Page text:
Assistance in helping better serve gender non-conforming students

Since the passage of PA 11-55 I have been receiving a number of calls for assistance in helping better serve gender non-conforming students. Although I am happy to help I want to refer you also to a local resource that has a great deal of expertise in working with transgender students.


Robin McHaelen

Executive Director

True Colors, Inc.

30 Arbor Street, Suite 201A
Hartford, CT 06106
(860) 232-0050, ext. 302



Robin just came back from out of state where she provided training to an entire school district. Her non-profit agency also runs a highly popular conference. Details as follows.


The 20th annual True Colors conference will be held on Thursday, March 21- Saturday, March 23, 2013 at the University of CT in Storrs.  This conference offers country’s largest and most comprehensive lesbian, gay, bisexual and transgender youth/young adult selection of workshops and activities for youth, as well as their teachers and educators.


Up to 15.5 hours of continuing education are available for Educators, Social Workers, MFT’s, Nurses, and other mental health professionals. Thursday, a Professional Best Practices Institute, begins with Dr. Caitlyn Ryan whose keynote will focus on supporting ethnically and religiously diverse families as their children come out.


Throughout the conference, participants can choose among more than 180 workshops that explore LGBT youth and young adult experiences in mental health, education, juvenile justice and within health care settings. In particular, there are a number of workshops specifically focused on the needs of gender non-conforming and transgender children and adolescents.  For more information or to register, please see or call (860) 232-0050, ext. 301.

True Colors works to create a world where youth, adults and families of all sexual orientations and gender identities are valued and affirmed. We challenge all forms of oppression through education, training, advocacy, youth leadership development, mentoring and direct services to youth and those responsible for their well-being. We can be reached at 888-565-5551, or on the web at <>


Fitzgerald v. Barnstable Revisited

From ATIXA –

ATIXA is the Association of Title IX Administrators [in higher education]. This is from their newsletter.

Start quote>>>

The last week in January was the four-year anniversary of a “gamechanging” Title IX decision by the United States Supreme Court: Fitzgerald v. Barnstable School Committee (129 S.Ct. 788 (2009)).  The Court made a key determination that has the potential to personally impact administrators nationwide.

Without getting into the legal nitty-gritty, the Court’s decision makes it possible to use a long-standing civil rights statute, 42 US § 1983, to hold administrators personally liable for their role in an incident of alleged sexual harassment/discrimination (including retaliation, deliberately indifferent response etc.). In other words, the Court held that Title IX is not the exclusive mechanism for addressing gender discrimination, nor a substitute for a §1983 action pertaining to sex discrimination cases.  Complainants could use both Title IX and 1983 concurrently.

What this means is that administrators at state institutions [public schools] and those acting under the color of state law, can be personally sued and responsible for paying damages, injunctive relief and even attorney’s fees. Know that if you are acting within the scope of your employment and following your institution’s policies and procedures, it is very likely your institution will help defend you, should you be named in a §1983 lawsuit.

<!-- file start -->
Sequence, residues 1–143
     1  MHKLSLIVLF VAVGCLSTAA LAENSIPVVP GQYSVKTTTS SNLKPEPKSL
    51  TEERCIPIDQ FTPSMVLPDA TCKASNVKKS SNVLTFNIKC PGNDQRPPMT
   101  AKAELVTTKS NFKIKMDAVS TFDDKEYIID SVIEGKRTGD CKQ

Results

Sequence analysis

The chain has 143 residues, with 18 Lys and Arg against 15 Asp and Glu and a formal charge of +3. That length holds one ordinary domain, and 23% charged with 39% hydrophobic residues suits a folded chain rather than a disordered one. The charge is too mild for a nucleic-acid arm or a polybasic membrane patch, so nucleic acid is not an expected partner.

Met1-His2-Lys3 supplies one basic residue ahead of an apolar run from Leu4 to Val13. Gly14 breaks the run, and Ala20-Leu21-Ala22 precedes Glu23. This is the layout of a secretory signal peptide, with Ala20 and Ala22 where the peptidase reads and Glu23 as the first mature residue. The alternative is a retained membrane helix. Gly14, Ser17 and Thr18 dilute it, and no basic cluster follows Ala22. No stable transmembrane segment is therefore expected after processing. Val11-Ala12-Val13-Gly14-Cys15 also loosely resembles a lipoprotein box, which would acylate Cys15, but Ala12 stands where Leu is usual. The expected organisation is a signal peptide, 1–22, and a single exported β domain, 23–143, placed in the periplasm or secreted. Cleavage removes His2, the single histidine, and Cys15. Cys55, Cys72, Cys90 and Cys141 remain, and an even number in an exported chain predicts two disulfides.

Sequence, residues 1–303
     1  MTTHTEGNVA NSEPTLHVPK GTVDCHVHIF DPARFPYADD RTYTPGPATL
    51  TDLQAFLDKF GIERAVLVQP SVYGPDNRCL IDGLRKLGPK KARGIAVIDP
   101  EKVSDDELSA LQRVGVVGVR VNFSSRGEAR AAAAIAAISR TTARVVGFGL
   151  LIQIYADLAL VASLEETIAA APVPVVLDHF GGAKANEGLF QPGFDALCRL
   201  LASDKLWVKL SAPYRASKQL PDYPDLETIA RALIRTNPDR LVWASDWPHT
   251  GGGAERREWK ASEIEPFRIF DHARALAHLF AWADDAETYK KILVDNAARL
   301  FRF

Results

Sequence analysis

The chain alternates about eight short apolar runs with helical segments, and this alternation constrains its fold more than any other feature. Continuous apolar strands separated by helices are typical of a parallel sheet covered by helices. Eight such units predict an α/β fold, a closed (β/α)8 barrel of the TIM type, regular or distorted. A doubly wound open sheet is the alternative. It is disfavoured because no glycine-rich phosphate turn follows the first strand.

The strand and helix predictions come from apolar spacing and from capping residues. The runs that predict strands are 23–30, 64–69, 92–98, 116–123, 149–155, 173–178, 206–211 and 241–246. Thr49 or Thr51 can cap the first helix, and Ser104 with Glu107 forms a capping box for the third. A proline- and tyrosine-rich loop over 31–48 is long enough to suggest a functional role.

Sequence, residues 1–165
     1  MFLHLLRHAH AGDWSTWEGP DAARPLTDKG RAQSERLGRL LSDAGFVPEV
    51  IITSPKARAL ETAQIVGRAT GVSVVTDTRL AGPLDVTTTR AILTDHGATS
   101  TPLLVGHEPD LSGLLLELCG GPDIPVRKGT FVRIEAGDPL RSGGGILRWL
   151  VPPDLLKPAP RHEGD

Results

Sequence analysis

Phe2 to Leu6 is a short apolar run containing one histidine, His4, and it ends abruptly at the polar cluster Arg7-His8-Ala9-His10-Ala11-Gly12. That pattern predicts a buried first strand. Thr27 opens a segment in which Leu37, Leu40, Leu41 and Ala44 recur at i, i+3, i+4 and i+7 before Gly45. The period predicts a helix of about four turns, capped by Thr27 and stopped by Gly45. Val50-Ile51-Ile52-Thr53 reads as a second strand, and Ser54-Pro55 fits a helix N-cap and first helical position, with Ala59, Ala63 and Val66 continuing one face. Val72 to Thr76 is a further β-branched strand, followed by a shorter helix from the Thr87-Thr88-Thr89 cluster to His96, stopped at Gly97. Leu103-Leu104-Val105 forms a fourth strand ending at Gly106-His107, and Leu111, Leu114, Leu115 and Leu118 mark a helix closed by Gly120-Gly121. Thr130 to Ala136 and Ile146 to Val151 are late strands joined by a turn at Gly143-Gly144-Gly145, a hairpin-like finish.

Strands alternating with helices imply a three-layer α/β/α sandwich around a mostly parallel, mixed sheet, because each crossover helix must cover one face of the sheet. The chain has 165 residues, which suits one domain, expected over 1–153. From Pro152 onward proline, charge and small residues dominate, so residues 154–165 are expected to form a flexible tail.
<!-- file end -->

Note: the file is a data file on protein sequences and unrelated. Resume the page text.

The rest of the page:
We do not share this tip to frighten, but to inform and to remind each of us of the importance of following fair, equitable and prompt procedures.

End quote>>>
What this means in practice includes the following:


    1. All certified & non-certified staff should have a training in Title IX and all other state & federal civil rights laws, with an annual refresher. Do not forget Title VI (race, color, national origin) and PA 11-55 (gender identity).

  • All students should be educated in laws and school policies on discrimination and school conduct – particularly Title IX.
  • Policies as well as grievance procedures must be in the student and employee handbook and on your website.
  • Parents/Guardians should be made aware of policies and procedures.
  • School Climate Coordinators and Specialists, in particular,  should be trained in state/federal civil rights laws and have an understanding of what conduct constitutes criminal acts – and they should be trained on how to conduct investigations. Please note that a bill has been presented before the CT state legislature on this topic.
    HB 6274… AN ACT CONCERNING TRAINING FOR THE INVESTIGATION AND MANAGEMENT OF CLAIMS OF SCHOOL BULLYING. To provide training for those persons responsible for investigating and managing claims of school bullying.


We are running 4 workshops on Conducting Investigations & Report Writing – March 25, 26, April 1 or April 2.  – please share widely.


A reminder to familiarize yourself thoroughly with this website – the PowerPoint for Title IX and Investigation training is on the site.

Bullying and Harassment –


Four Things You Probably Don’t Know About Title IX


Title IX is an enormously important law for female athletes — no other law has done more to expand opportunities for women and girls in athletics. But what many people don’t know is that the benefits and protections of Title IX aren’t limited to athletics.

Written by Becka Wall for RH Reality Check. This diary is cross-posted; commenters wishing to engage directly with the author should do so at the original post.


Tomorrow, Wednesday, February 6th, is National Girls & Women in Sports Day, which has people singing the praises of Title IX from soccer fields, softball diamonds, tracks, pools and countless other sporting venues — and for good reason! Title IX is an enormously important law for female athletes — no other law has done more to expand opportunities for women and girls in athletics. While there is still work to be done, the progress we have made thanks to Title IX is tremendous.